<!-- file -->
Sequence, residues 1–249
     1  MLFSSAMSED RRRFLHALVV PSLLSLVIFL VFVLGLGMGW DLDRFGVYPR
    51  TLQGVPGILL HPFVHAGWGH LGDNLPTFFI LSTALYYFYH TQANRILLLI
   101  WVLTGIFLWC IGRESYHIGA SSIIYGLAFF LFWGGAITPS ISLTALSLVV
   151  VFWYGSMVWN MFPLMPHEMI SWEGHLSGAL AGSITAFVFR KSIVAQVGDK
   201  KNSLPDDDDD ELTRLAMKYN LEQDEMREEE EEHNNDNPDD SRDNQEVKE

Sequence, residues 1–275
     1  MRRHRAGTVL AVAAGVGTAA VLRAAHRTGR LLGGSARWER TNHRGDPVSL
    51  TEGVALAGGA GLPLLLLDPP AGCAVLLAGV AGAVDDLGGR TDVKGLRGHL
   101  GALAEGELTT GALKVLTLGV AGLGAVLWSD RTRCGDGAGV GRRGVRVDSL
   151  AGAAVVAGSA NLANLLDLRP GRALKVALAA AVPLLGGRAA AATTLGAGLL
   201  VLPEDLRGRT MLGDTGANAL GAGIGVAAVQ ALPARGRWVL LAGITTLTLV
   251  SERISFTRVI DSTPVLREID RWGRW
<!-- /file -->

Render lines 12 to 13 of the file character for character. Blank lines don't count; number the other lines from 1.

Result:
   201  VLPEDLRGRT MLGDTGANAL GAGIGVAAVQ ALPARGRWVL LAGITTLTLV
   251  SERISFTRVI DSTPVLREID RWGRW